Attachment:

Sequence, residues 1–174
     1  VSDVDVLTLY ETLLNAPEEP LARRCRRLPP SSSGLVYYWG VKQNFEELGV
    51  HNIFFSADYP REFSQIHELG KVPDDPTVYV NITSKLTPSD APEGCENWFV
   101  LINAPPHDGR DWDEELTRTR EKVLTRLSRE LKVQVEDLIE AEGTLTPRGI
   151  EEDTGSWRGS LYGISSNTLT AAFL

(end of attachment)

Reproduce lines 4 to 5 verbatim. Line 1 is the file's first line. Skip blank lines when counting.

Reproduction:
   101  LINAPPHDGR DWDEELTRTR EKVLTRLSRE LKVQVEDLIE AEGTLTPRGI
   151  EEDTGSWRGS LYGISSNTLT AAFL